41 Lilienblum St.

The building was purchased by White City Buildings with the goal of increasing its value by redesigning the perimeter of the building and preserving it according to its original details. The building has commercial units on the ground floor and residential apartments on the top floors. It was originally designed by the architect Binyamin Chlenov in the international style. Its design was simple and functional.
The preservation was completed in 2013, after which the building was occupied.

Preservation Architect

Bar Orian Architects

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The Story of the building

The office building on 41 Lilienblum St was designed in a U shape that creates a private courtyard with palm trees and olive trees. The building has many terraces that reflect a design that considers the building employees’ breaks of getting fresh air. In 1925 a residential building was built on the lot in an area that was part of the estate for the Tultzimasky family. The building was designed by the architect Berlin. In 1933 Elyakim Kushnir bought the house with the intent of designing in its place a new building that would fit the changing environment. In 1934 Tel-Aviv received its status as a city with a population of 75,000 and became a financial center. The demand for commercial and industrial property increased and banks and offices began replacing residential buildings in the area of Nahalat Binyamin, Allenby and Lilienblum. According to this trend the Toltzimosky House was destroyed in 1937, and in its place in 1938 the office building ‘City’ was built on the remains of the historical Estate house. The building exists to this day.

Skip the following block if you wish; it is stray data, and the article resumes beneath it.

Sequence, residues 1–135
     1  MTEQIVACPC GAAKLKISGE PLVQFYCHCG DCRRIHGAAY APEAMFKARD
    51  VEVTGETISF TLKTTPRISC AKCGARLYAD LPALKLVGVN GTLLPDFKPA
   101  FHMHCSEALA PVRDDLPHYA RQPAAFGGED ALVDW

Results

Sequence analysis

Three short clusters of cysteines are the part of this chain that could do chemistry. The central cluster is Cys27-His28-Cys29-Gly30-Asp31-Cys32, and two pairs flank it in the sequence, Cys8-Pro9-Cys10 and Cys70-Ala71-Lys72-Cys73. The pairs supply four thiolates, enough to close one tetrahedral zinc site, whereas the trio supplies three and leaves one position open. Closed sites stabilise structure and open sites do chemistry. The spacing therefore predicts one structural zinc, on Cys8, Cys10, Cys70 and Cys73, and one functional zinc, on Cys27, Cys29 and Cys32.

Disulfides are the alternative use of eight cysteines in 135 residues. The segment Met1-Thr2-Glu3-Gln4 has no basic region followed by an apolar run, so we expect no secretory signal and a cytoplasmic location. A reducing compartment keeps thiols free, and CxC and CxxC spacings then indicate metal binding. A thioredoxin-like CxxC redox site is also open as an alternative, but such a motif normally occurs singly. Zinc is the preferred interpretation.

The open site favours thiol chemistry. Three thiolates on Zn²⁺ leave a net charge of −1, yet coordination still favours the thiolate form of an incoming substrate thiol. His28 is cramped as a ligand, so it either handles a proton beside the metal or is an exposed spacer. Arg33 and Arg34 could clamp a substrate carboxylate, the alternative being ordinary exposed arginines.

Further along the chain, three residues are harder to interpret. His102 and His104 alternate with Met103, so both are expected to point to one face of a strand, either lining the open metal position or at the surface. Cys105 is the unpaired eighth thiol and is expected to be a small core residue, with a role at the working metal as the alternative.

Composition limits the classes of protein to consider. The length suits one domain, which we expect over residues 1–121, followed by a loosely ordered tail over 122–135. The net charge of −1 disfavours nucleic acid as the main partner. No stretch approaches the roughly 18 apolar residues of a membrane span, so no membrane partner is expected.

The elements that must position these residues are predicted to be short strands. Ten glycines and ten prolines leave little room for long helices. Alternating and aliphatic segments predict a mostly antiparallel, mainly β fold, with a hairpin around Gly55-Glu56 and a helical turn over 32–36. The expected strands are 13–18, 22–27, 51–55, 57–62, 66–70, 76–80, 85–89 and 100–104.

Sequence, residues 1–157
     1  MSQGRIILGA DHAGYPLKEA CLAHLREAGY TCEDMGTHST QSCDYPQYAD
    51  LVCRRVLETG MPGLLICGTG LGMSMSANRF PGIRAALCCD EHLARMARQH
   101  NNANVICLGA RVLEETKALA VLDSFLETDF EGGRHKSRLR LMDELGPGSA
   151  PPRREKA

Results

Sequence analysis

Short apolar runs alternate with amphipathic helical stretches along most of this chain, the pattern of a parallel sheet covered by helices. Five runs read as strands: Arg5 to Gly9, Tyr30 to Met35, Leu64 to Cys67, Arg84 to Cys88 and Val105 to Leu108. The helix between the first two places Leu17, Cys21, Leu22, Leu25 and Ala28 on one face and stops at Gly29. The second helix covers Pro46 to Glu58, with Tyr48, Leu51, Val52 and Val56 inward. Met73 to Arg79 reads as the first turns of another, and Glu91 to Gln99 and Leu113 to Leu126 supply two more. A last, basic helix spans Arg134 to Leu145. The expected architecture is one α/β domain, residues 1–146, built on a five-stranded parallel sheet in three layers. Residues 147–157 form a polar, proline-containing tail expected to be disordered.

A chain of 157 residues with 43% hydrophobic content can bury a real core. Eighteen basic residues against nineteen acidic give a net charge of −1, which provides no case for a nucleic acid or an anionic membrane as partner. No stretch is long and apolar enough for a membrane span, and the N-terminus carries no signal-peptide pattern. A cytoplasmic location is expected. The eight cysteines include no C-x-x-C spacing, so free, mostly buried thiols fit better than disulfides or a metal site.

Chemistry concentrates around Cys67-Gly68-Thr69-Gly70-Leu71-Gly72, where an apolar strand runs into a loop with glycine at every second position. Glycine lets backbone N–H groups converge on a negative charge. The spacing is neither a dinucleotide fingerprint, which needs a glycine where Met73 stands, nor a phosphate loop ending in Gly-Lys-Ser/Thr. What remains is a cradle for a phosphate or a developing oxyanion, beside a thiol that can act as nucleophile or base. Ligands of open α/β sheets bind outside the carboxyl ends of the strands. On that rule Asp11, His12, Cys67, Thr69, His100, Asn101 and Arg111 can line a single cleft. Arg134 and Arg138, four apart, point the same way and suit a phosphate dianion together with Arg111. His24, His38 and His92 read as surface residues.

The building was designed by the architect Binyamin Chlenov in the international style. Its design was simple and functional, yet also possessed a presentable tone. The Kushnir house is a testament to the various processes that occurred in the city, such as the economic growth that led to its establishment in the late 30’s, which stemmed from the immigration wave of the fifth ‘Aliya’ and led to the building of offices instead of residential houses in the eclectic style. The international style that characterized it also reflects social and cultural perceptions of functionality and cooperation that were common during that period. The building joins the others on the surrounding streets creating an urban commercial texture in the area. The structure’s distinction is in its use of various sized terraces on all facades, as well as the designed public spaces with modern-styled furniture items.